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Neurodegenerative diseases (NDDs) are incurable and debilitating conditions that result in progressive degeneration and/or death of nerve cells in the central nervous system (CNS). Identification of viable therapeutic targets and new treatments for CNS disorders and in particular, for NDDs is a major challenge in the field of drug discovery. These difficulties can be attributed to the diversity of cells involved, extreme complexity of the neural circuits, the limited capacity for tissue regeneration, and our incomplete understanding of the underlying pathological processes. Drug discovery is a complex and multidisciplinary process. The screening attrition rate in current drug discovery protocols mean that only one viable drug may arise from millions of screened compounds resulting in the need to improve discovery technologies and protocols to address the multiple causes of attrition. This has identified the need to screen larger libraries where the use of efficient high-throughput screening (HTS) becomes key in the discovery process. HTS can investigate hundreds of thousands of compounds per day. However, if fewer compounds could be screened without compromising the probability of success, the cost and time would be largely reduced. To that end, recent advances in computer-aided design, in silico libraries, and molecular docking software combined with the upscaling of cell-based platforms have evolved to improve screening efficiency with higher predictability and clinical applicability. We review, here, the increasing role of HTS in contemporary drug discovery processes, in particular for NDDs, and evaluate the criteria underlying its successful application. We also discuss the requirement of HTS for novel NDD therapies and examine the major current challenges in validating new drug targets and developing new treatments for NDDs.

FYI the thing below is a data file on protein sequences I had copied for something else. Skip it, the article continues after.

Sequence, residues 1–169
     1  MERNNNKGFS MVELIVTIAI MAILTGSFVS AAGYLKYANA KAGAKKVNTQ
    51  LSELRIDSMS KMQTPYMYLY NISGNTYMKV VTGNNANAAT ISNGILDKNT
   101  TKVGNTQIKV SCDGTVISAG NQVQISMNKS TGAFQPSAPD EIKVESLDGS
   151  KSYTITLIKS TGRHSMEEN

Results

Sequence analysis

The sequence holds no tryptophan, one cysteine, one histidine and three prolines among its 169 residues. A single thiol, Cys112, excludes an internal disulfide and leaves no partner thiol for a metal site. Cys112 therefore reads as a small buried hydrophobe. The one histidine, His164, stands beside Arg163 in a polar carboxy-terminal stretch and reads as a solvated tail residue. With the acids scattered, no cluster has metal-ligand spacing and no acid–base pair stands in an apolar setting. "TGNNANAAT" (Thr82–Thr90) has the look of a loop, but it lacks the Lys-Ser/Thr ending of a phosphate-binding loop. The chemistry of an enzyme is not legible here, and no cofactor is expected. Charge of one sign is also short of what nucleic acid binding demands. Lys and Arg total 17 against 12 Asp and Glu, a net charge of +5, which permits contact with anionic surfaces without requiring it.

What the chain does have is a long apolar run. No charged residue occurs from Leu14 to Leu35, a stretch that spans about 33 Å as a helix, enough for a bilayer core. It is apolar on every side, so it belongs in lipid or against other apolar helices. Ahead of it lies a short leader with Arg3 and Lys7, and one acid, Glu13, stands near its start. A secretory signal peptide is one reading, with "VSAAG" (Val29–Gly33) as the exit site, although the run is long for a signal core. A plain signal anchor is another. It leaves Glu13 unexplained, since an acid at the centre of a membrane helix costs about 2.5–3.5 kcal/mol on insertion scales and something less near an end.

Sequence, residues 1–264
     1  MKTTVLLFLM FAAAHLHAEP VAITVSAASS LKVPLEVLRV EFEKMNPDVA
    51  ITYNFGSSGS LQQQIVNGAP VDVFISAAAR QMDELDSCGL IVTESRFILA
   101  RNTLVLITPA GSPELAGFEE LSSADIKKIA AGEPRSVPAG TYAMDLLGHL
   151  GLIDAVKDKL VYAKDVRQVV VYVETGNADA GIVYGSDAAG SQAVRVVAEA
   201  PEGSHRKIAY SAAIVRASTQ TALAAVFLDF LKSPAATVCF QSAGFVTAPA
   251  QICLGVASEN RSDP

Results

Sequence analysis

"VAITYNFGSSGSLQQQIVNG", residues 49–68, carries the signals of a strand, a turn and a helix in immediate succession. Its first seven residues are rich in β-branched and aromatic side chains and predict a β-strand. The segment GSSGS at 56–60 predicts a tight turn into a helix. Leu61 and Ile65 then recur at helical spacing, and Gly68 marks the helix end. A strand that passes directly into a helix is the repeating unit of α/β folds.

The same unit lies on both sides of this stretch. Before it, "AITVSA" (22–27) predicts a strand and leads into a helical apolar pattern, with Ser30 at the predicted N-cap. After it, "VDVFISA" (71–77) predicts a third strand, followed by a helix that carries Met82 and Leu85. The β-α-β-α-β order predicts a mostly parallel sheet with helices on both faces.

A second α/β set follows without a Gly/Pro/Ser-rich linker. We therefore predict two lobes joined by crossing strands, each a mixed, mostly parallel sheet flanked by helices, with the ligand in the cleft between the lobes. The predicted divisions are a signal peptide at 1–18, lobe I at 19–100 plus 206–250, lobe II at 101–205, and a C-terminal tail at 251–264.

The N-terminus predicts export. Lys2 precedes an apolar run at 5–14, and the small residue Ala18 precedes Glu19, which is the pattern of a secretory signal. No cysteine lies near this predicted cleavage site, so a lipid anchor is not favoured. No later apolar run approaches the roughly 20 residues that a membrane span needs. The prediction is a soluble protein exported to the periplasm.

Original publication

DOI

10.3390/bioengineering8020030

Type

Journal article

Journal

Bioengineering (Basel)

Publication Date

23/02/2021

Volume

8

Keywords

CNS disorders, HTS, bioassays, brain diseases, dementia, drug discovery, high-throughput screening, neurodegenerative diseases, tauopathies